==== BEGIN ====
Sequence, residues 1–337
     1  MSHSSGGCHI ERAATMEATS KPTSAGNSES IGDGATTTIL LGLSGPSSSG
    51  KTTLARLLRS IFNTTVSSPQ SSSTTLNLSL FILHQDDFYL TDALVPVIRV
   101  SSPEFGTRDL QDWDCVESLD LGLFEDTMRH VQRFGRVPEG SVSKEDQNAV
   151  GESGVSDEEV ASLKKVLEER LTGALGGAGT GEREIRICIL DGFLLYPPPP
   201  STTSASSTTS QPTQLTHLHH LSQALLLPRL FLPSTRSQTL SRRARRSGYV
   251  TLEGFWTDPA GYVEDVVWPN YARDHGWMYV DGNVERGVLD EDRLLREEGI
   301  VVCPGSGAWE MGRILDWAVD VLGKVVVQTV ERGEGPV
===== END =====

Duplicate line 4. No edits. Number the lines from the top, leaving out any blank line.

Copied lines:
   101  SSPEFGTRDL QDWDCVESLD LGLFEDTMRH VQRFGRVPEG SVSKEDQNAV